Thursday, June 30, 2022
The Maryland Court of Appeals affirmed the denial of a client security trust fund claim
The Client Protection Fund of the Bar of Maryland (the “Fund”) was established in 1966 to “maintain the integrity and protect the good name of the legal profession.” Md. Rule 19-602(a). The Fund reimburses members of the public for “losses caused by defalcations” by attorneys acting in professional capacities or certain fiduciary capacities that are “traditional and customary in the practice of law in Maryland.” Md. Rule 19-602(a) and (b). In this appeal, Steven J. Grebow, appellant, challenges a final decision of the Fund’s Trustees denying his claim for reimbursement.
Mr. Grebow’s claim arises out of an “Escrow Agreement” that he entered into with the McCloskey Group (the “Company”) and its sole member, Mr. Brian McCloskey, on December 11, 2009, during the “Great Recession.” The purpose of the Escrow Agreement was to establish that the Company had cash reserves to secure a United States Department of Housing and Urban Development (“HUD”) loan for a large development project. In exchange for temporarily depositing several million dollars into the escrow account, Mr. Grebow was to be paid a handsome fee of two million dollars. The Escrow Agreement specified, however, that Mr. Grebow remained “the sole beneficiary of the escrow account” and neither Mr. McCloskey, the Company, nor their creditors acquired “any right, title, or interest in the Escrow Funds.”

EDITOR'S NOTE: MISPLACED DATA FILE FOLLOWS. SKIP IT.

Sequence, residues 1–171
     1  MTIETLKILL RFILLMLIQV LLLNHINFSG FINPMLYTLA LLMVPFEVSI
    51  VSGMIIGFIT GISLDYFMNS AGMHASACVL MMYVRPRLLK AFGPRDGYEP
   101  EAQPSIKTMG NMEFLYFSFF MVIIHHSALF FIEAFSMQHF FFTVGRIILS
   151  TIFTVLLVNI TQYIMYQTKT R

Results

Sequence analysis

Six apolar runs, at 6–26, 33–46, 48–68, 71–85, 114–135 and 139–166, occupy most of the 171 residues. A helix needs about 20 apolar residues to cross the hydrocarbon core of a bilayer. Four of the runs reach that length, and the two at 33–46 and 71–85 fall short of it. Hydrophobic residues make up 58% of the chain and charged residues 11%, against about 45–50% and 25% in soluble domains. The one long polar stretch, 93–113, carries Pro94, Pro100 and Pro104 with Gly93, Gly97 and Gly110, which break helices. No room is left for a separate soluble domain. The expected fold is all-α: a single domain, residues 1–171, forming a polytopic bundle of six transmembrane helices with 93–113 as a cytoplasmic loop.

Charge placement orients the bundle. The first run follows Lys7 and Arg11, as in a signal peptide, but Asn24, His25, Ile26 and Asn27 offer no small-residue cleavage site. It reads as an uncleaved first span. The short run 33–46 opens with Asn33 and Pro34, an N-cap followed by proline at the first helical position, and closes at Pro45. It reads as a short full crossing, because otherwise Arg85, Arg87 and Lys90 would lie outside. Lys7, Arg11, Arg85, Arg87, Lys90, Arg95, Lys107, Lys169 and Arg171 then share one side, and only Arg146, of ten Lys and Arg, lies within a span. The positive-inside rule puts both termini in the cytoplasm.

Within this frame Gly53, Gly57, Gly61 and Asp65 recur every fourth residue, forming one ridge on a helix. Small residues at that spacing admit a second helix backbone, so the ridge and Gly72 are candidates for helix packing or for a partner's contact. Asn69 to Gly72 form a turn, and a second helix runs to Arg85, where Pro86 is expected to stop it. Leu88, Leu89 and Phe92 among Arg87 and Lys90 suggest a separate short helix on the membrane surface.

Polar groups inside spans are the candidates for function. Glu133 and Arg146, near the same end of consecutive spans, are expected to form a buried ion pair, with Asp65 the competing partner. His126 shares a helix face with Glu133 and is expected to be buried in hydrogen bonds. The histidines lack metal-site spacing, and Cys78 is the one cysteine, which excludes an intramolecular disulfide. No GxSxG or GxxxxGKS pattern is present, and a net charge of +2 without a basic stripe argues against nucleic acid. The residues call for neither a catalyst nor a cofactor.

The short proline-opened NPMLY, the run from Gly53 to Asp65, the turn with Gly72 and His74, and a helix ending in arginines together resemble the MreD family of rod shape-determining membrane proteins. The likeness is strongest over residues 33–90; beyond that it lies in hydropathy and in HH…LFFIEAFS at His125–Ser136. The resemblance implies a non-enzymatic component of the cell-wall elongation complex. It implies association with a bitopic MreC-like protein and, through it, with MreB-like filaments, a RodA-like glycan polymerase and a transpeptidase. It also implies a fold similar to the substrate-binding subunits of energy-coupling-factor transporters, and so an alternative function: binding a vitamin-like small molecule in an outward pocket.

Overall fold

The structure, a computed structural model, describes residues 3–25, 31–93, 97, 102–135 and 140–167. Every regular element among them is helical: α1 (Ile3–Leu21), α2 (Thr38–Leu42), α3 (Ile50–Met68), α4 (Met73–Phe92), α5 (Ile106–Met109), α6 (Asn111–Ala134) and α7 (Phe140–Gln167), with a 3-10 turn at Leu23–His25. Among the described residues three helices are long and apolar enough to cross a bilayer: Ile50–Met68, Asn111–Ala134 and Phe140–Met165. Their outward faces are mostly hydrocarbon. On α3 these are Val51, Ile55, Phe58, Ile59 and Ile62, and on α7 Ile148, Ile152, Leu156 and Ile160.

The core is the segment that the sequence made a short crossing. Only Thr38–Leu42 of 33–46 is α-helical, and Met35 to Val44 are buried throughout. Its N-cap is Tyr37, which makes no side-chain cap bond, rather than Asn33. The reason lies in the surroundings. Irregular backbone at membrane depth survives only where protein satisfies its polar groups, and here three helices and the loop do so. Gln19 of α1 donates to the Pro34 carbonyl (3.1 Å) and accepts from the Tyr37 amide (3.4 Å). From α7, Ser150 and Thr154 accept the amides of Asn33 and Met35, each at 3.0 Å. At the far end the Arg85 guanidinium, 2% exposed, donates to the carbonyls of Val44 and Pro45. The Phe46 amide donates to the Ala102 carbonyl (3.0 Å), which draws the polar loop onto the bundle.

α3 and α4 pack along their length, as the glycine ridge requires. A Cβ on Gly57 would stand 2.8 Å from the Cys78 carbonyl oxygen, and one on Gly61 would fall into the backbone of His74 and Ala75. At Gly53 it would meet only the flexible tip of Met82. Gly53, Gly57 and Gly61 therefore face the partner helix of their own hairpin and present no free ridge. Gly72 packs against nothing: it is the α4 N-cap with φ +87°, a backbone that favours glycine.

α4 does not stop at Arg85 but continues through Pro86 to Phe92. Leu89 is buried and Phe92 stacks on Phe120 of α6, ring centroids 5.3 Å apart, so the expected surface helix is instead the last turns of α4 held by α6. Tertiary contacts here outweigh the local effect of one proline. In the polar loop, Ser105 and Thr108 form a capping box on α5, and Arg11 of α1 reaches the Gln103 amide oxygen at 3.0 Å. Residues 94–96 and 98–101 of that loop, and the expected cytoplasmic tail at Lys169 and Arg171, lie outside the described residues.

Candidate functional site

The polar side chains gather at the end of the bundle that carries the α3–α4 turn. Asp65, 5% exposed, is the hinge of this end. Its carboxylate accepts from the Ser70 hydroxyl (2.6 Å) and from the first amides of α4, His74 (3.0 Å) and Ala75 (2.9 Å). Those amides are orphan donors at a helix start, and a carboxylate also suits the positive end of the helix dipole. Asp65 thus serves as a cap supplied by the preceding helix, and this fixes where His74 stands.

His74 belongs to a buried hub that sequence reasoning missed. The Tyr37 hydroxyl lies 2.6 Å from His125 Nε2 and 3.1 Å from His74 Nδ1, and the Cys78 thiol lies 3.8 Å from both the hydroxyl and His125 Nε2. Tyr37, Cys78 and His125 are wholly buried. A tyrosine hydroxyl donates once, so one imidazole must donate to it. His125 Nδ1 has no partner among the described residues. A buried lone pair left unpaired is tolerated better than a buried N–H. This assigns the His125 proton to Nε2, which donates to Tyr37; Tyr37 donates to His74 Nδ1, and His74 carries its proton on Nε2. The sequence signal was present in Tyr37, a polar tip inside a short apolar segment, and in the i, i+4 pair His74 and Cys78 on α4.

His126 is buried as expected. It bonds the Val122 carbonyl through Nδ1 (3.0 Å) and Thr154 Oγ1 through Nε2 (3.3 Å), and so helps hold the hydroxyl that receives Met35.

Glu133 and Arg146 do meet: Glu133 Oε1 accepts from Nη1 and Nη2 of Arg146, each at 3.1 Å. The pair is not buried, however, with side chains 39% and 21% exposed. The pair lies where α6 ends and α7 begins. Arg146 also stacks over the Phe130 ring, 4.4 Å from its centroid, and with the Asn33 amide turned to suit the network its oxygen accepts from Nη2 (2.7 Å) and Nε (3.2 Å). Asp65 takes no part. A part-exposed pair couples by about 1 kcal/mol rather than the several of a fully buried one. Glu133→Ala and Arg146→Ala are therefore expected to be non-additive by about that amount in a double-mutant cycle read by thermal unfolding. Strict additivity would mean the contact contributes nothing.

The Escrow Account was managed by Mr. Kevin Sniffen, a Maryland attorney, who was obligated to deliver the fee, together with Mr. Grebow’s entire deposit, to Mr. Grebow on the date of the settlement of the HUD Loan. Mr. Sniffen never returned the escrow funds to Mr. Grebow as he and Mr. McCloskey had embezzled the money in the perpetration of a complex wire fraud scheme. For his role, Mr. Sniffen was convicted in the United States District Court for the District of Maryland of conspiracy to commit wire fraud, and he was subsequently disbarred by the Maryland Court of Appeals from the practice of law in Maryland.
We covered the disbarment here.
The Fund denied relief because Sniffen
was not acting as an attorney or in a fiduciary capacity that is traditional and customary in the practice of law in Maryland.
The court agreed that
as the Trustees correctly decided, Mr. Grebow’s dealing with Mr. Sniffen did not rise to an attorney-client relationship and Mr. Sniffen was not acting in a fiduciary capacity that is “traditional and customary in the practice of law in Maryland.” Accordingly, we affirm...
Under the terms of the Escrow Agreement, Mr. Sniffen’s role was limited to creating an escrow bank account, which did not qualify as an attorney trust account, and holding the escrowed funds of Mr. Grebow, a non-client, for investment purposes, until he was instructed to return the funds back to Mr. Grebow. This relationship does not resemble the “intermediary” capacities recognized in Advance Finance and American Asset Finance or the fiduciary capacities listed in Rule 19-602(b).